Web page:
Ask the expert: What to do if your wedding supplier goes bust

It’s been a sad and shocking week for the wedding industry as popular bridal chain Berketex Bride announced the company had gone into administration with immediate effect.

With so many brides-to-be affected by the closure, many couples are now asking some big questions regarding supplier safety and what to do if the same were to happen to them.

We chatted to Keith Anderson, Partner at Scottish law firm Gilson Gray, to find out exactly what to do if your wedding supplier goes bust and how to protect yourself.

 

How can I protect myself when booking a wedding supplier?

“Prevention is better than cure so the starting point is to examine any contractual conditions or terms and conditions that the supplier produces to you when making an order.

Particular care should be taken to examine any terms dealing with payment and what lawyers call ‘retention of title’.

You want to ensure you understand when ownership of the goods transfer to you. Ownership will usually be the key factor if your supplier were to enter into an insolvency. So, for example, if your wedding dress has been paid for but not yet collected, who owns it?

Usually the terms and conditions will deal with this. Separately, if you are ordering goods which are bespoke or specifically designed for your wedding (such that ownership could not transfer to you until they have been manufactured), then you may wish to consider only paying for the goods, or at least only part-paying for those goods at the point of order.

Therefore, if the supplier were to go into an insolvency, your losses would at least be reduced.”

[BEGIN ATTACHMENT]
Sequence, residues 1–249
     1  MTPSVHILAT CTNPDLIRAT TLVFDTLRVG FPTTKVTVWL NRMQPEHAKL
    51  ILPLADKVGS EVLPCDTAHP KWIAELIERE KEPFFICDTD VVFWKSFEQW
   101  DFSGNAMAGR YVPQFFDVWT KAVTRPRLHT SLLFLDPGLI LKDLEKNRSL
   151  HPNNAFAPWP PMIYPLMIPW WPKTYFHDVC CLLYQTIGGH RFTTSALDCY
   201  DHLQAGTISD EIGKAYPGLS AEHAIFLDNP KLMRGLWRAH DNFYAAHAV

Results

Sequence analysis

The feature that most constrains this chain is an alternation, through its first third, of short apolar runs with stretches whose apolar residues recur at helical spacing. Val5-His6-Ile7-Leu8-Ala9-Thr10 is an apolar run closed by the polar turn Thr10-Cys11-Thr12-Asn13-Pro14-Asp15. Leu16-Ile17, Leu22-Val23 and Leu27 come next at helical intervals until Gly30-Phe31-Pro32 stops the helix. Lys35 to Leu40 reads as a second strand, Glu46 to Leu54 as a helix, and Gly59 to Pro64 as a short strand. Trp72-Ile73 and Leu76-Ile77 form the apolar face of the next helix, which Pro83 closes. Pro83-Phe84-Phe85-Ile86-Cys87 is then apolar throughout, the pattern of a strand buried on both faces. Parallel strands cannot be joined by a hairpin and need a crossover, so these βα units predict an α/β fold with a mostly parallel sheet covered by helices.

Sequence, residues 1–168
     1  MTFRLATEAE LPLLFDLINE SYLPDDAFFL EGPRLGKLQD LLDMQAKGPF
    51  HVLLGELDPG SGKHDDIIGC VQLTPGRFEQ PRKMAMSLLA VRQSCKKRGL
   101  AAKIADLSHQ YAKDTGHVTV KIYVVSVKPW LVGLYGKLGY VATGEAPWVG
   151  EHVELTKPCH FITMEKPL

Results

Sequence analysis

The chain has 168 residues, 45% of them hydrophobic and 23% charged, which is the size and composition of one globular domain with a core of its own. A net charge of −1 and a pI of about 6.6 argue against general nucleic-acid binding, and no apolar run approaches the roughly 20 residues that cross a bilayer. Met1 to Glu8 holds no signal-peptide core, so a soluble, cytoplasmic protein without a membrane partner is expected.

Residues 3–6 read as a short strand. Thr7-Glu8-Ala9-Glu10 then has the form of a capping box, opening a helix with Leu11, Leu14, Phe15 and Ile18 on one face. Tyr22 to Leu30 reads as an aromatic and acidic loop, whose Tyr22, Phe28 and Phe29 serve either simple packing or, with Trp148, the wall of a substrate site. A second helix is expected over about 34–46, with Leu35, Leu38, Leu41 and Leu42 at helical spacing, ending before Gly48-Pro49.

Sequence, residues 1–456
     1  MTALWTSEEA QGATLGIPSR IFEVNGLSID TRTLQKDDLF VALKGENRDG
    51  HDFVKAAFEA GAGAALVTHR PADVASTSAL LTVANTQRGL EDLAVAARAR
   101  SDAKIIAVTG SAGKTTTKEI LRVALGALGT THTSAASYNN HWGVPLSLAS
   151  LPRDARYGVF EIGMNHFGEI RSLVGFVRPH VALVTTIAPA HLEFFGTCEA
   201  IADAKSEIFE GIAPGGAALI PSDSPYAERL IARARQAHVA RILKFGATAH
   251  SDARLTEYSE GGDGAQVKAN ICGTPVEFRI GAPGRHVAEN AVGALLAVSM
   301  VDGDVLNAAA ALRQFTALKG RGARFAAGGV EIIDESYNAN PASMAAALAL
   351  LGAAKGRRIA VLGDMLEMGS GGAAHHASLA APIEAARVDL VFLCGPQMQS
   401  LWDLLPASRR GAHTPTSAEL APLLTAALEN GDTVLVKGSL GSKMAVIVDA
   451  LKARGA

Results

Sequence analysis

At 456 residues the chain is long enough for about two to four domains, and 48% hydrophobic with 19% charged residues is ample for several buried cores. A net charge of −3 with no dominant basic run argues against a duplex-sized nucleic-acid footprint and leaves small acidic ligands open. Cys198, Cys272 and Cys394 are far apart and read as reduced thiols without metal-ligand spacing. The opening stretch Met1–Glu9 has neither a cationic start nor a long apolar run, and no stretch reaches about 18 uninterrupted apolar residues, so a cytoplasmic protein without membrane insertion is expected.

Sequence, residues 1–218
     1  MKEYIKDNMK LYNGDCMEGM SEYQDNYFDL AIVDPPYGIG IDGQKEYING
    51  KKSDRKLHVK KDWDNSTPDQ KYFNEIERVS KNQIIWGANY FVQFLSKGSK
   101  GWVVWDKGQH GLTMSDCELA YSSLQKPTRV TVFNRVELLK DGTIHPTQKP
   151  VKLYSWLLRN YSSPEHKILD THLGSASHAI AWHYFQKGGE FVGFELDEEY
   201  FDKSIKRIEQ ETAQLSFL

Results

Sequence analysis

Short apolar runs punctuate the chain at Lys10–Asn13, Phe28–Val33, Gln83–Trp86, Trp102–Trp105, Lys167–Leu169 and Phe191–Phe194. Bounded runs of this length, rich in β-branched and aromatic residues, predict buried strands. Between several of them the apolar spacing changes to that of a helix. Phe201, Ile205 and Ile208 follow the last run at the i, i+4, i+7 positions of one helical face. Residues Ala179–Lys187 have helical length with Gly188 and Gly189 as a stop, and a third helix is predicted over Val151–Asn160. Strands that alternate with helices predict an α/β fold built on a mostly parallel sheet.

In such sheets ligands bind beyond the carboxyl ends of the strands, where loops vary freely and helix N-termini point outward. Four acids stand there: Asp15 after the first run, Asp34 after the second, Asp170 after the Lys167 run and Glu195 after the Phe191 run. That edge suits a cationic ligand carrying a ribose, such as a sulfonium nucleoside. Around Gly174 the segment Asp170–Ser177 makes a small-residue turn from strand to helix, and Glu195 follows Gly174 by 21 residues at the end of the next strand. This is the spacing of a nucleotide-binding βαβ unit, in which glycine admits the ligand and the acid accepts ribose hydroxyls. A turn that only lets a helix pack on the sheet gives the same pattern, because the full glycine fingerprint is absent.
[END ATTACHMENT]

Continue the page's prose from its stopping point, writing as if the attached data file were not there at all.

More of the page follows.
What can I do if my wedding supplier goes bust and I haven’t yet received the product or service?

“The first step is to contact the administrator or liquidator. Sensible communication always assists. If you have paid for the goods in full and ownership of them has transferred to you, then the insolvency practitioner ought to be able to release those to you.

It will assist the administrator/liquidator if you can produce evidence of any contract you signed, evidence of payment and evidence to identify the specific goods you have purchased. If you have not paid in full, or ownership has not transferred then you will have difficulty in obtaining the goods.

However, the goods themselves will be assets of the insolvency; the administrator/liquidator is entitled to sell those assets for the benefit of the creditors as a whole. Therefore, it may be possible for you to agree a price with the insolvency practitioner for the goods you wish to purchase.”

 

Where do I stand in getting some or all of my money back if my wedding supplier goes bust?

“Unfortunately, the consumer will almost certainly be an unsecured creditor. The likelihood is, at best, you will only receive a dividend many months down the line, being a ‘pence in the pound’ payment.”

 

Do you have any other general advice on what I could do in this situation?

“It is important to identify the legal entity you are contracting with at the point of placing your order.

If it is an entity which has solvency concerns in the public domain then you should carefully consider whether you wish to place an order with that supplier.

If your supplier is placed in an insolvency process, you should seek advice and ensure you have a clear line of communication open with the administrator/liquidator.”

 

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